Look at an average investment fact-sheet, and you’ll see the usual profit, risk and return profiles. Depending on these, you are supposed to make an informed investment decision. But imagine if there was an additional section that measured impact. ‘How much does this investment affect the lives of the local communities?’, ‘Are wages being paid fairly?’ or ‘What is the company’s carbon footprint?’.
This new paradigm is called impact investing, and it is asking some deeper questions about the nature of investing, and about capitalism and philanthropy in the 21st century.
Pioneering investors, business leaders and philanthropists are scrutinising their motivations behind investing, how it’s different from giving, and in turn, reflecting on the fundamental purpose of capital in business and society. Many are coming to the conclusion that making money shouldn’t be the only purpose of investing. At the same time, just giving money away through charity doesn’t seem to solve our increasing global social and environmental ills. Impact investing, on the other hand, allows us to transcend outdated notions on capital, and move into a new future.
Looking deeper, impact investments are investments made into companies, organisations, and funds with the intention to generate positive social and environmental impact alongside a financial return. Instead of relying on government funds and philanthropy, investment instruments previously reserved for profit-oriented ventures are being used to effectively fund social enterprises.
Impact investing is about achieving both financial return and transforming economies to take into account the larger factors that affect our collective future.
Changing the norm
A growing body of research in this field suggests that there can be gains on both sides from this approach. As awareness of these benefits increases, we are seeing a global shift in investing practices. Increasingly, commercial players like Goldman Sachs, TPG, Bain Capital, and BlackRock are entering the impact investing field.
In the future, this may not be a separate category but rather the new norm for all forms of finance.
Around the world, this form of investing is a part of a larger trend toward socially responsible business practices. However, it is qualitatively distinct from other such practices, like Corporate Social Responsibility or Socially Responsible Investing. The former refers to distribution of business profits through an essentially philanthropic model. In the latter, investors reject potential investments likely to cause social and environmental harm.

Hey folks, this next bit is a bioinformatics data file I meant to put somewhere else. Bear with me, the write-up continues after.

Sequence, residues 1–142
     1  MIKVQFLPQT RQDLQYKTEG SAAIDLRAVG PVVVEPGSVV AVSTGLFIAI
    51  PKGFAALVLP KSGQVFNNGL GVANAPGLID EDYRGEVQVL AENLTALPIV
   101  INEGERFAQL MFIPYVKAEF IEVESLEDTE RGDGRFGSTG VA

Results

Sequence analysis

By contrast, social impact is not an exclusion criterion but a core focus in impact investing. And, as a result, social impact is treated not as a charitable benefit but as a measurable outcome of the investee organisation’s activity.
At this critical point, India is an ideal environment in which to test, innovate, and expand impact investing. India has a young and growing population, and enjoys a relatively stable financial market, but faces significant challenges within sustainable socio-economic development. Some investors have already joined the trend, as a recent report by McKinsey & Company identified 50 active impact investors and total impact investments of $5.2 billion in India. These investments have averaged an 11 per cent internal rate of return over five years.
In order for impact investment to gain traction as a new and potentially paradigm-changing finance model in India, education and training opportunities are imperative to expose policy-makers, investors, social enterprises, and corporate houses to the potential of social finance. In India, in particular, where Corporate Social Responsibility has gained great currency due to recent legislation, additional promotion and awareness would help translate the possibilities of this alternative model into effective action.
In a recent global research report, the Beeck Center for Social Impact & Innovation at Georgetown University documented some of the current needs in the impact investing education field. The report called for adaptable and iterative models that can adjust to rapid developments in the field, an emphasis on cross-sector collaboration, and the promotion of systems thinking in a disrupted global system.
One gap in existing training programmes is a lack of emphasis on the required skills for impact measurement. There is an additional need for more sector-specific guidance and different funding strategies, tailored to investors and organisations in education or health care, for instance.
Education and training content should thus include practical tool kits and analytic frameworks derived from research. Programmes must be open and accessible to a diverse range of stakeholders. This point is especially crucial in India, where many innovations occur at the grassroots level, often far removed from the world of finance.
Looking broadly, the world is currently working towards a set of ambitious targets for addressing global challenges — the Sustainable Development Goals (SDGs). Over the next decade, the UN estimates that implementing SDGs will cost between $50 trillion and $70 trillion. How will we pay for it all? The answer is the $200 trillion in private capital invested in global financial markets. The impact investing paradigm has the potential to help unlock portions of this capital and ensure that it is deployed effectively towards development efforts. It has already proven you can do well by doing good; the next challenge is how to do that at a global scale.